Andy Luff Shares His ECT Story – Walk a Mile in my Shoes Podcast

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Chris Young, host of Walk a Mile in my Shoes Podcast, interviews ECT survivor Andy Luff and his partner, Jill Davies.

Andy and Jill

Andy sought help for his sensory processing disorder (SPD), a nervous system condition that impacts emotional regulation for those with or without autism. (This condition is treatable with occupational therapy and lifestyle changes.)

Instead he was referred to psychiatry, labeled rapid cycling bipolar and heavily medicated for years. 

When Andy was referred for electroconvulsive therapy (ECT) he said wasn’t given informed consent. Nor was he offered talk therapy prior, or given proper follow up on drugs which he developed akathisia from. His doctors called it agitated depression. They were essentially treating his akathisia with ECT.

Andy was told during his ECT consultation: 

  • ECT is no worse than going to the dentist for a filling. 
  • He shouldn’t make important decisions right after treatment.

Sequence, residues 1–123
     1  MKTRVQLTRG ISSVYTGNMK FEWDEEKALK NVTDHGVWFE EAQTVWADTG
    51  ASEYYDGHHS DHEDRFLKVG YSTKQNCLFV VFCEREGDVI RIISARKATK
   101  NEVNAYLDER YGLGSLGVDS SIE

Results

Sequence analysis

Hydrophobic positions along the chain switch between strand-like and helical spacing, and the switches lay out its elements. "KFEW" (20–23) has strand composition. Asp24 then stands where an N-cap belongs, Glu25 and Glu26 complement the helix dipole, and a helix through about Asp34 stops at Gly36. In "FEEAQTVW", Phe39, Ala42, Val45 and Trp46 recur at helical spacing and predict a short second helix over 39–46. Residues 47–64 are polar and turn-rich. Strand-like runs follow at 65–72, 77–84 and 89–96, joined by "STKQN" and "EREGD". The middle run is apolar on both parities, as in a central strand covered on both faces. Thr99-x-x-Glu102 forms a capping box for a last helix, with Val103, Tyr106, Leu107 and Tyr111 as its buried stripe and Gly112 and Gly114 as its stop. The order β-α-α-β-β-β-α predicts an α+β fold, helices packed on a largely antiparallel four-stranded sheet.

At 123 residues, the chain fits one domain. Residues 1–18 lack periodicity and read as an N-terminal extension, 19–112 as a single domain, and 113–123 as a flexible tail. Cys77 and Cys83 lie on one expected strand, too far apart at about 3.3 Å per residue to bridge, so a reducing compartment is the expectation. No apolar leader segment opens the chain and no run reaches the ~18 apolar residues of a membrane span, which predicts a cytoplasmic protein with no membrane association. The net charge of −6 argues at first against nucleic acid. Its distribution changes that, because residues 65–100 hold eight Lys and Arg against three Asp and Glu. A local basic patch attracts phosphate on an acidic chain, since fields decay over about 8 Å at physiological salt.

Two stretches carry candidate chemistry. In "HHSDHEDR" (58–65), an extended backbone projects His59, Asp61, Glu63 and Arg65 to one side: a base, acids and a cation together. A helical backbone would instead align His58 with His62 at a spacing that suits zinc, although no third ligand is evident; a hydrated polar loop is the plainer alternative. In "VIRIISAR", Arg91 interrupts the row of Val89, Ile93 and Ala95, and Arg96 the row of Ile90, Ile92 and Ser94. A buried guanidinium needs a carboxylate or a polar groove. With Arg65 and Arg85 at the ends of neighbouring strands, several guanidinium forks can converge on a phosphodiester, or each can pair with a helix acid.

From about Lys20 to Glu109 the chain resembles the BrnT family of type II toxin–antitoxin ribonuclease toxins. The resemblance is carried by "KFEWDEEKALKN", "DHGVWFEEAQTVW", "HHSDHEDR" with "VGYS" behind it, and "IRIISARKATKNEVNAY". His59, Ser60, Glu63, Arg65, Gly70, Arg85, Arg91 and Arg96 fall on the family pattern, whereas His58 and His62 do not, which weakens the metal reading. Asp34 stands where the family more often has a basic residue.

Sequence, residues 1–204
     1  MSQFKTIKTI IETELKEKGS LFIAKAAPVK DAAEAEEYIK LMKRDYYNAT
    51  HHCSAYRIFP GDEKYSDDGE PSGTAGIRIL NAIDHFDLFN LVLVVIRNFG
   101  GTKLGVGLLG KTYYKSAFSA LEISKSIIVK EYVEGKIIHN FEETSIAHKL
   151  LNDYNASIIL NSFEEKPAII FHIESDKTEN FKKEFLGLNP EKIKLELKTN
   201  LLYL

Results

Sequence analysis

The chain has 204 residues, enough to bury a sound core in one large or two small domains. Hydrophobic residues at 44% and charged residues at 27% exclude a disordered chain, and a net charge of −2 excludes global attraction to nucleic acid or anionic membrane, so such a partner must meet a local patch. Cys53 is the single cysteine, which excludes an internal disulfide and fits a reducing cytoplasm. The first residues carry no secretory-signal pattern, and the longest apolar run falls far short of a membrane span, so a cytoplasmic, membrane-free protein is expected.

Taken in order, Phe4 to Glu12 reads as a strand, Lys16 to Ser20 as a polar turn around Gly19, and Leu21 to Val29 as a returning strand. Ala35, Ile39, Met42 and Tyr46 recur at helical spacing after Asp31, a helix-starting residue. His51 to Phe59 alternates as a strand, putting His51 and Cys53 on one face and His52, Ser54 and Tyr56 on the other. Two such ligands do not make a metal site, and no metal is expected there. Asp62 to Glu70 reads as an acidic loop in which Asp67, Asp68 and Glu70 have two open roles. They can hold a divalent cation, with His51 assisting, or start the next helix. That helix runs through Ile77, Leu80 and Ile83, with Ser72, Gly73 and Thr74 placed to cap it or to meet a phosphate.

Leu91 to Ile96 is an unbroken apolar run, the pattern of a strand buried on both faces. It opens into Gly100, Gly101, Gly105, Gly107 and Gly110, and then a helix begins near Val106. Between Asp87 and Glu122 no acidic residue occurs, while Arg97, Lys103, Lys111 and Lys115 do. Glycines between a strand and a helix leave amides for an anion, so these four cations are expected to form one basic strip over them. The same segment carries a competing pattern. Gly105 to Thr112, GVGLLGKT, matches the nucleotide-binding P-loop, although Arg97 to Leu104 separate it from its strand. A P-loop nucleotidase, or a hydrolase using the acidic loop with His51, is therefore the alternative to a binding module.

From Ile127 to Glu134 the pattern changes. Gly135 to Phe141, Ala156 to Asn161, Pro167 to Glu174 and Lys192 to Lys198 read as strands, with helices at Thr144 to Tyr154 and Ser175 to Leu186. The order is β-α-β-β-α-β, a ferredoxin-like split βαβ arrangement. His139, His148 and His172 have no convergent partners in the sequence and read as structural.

He was never told ECT causes permanent brain damage.

After expressing hesitation for his for treatment nurse told him “Don’t believe everything you read online.”

After several treatments Andy experienced spontaneous seizures, and incontinence. He lost many skills like his ability to write poetry.

And like many injured by ECT, he had problems with family.

A New Chapter

With the right support from friends and a brain injury organization called Headway, Andy was able to build a new life after ECT.

A big part of that was learning to accept his losses so he could move forward.

On his road to recovery he met his partner Jill.

Picture of Andy and Jill kissing with a waterfall in the background.

Andy is now volunteering for Headway and helping peers where he can.  

Learn more



Anna is a childhood psychiatric drug and a teenage electroshock survivor. She founded Life After ECT to ensure people injured by electroconvulsive therapy have easy access to resources that can help them understand their injuries and find a path to recovery.